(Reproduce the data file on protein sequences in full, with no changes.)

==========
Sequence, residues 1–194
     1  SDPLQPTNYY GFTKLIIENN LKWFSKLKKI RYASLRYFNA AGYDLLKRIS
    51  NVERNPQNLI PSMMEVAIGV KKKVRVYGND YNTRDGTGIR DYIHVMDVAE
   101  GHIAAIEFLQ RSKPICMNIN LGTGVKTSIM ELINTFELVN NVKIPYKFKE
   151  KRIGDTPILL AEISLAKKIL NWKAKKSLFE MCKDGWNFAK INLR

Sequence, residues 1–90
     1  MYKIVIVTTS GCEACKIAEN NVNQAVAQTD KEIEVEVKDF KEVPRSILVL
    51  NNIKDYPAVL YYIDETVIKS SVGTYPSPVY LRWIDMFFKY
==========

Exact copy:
Sequence, residues 1–194
     1  SDPLQPTNYY GFTKLIIENN LKWFSKLKKI RYASLRYFNA AGYDLLKRIS
    51  NVERNPQNLI PSMMEVAIGV KKKVRVYGND YNTRDGTGIR DYIHVMDVAE
   101  GHIAAIEFLQ RSKPICMNIN LGTGVKTSIM ELINTFELVN NVKIPYKFKE
   151  KRIGDTPILL AEISLAKKIL NWKAKKSLFE MCKDGWNFAK INLR

Sequence, residues 1–90
     1  MYKIVIVTTS GCEACKIAEN NVNQAVAQTD KEIEVEVKDF KEVPRSILVL
    51  NNIKDYPAVL YYIDETVIKS SVGTYPSPVY LRWIDMFFKY